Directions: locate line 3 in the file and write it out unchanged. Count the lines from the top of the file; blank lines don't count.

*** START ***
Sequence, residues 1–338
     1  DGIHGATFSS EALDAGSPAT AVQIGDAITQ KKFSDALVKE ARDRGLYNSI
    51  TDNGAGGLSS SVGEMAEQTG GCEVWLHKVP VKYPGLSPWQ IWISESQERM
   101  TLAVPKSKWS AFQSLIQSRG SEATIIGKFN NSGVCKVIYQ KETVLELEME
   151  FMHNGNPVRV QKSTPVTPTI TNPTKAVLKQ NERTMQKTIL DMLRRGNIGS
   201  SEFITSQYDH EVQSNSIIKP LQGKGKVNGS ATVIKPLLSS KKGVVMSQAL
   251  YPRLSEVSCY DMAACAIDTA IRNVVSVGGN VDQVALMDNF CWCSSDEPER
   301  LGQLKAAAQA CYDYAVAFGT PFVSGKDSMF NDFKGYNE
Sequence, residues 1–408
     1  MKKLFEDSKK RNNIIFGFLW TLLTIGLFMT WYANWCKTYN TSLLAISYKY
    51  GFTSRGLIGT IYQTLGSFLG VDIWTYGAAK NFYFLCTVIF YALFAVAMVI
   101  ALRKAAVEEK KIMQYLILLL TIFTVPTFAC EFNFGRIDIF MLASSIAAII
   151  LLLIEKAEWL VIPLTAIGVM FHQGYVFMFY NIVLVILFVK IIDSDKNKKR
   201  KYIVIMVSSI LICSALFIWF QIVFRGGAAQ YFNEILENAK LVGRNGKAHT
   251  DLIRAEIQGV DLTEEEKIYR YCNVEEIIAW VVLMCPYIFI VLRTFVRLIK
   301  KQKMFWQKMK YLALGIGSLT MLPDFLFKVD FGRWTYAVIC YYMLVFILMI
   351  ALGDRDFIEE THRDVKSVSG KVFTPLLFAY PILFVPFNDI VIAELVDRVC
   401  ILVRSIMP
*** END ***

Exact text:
    51  TDNGAGGLSS SVGEMAEQTG GCEVWLHKVP VKYPGLSPWQ IWISESQERM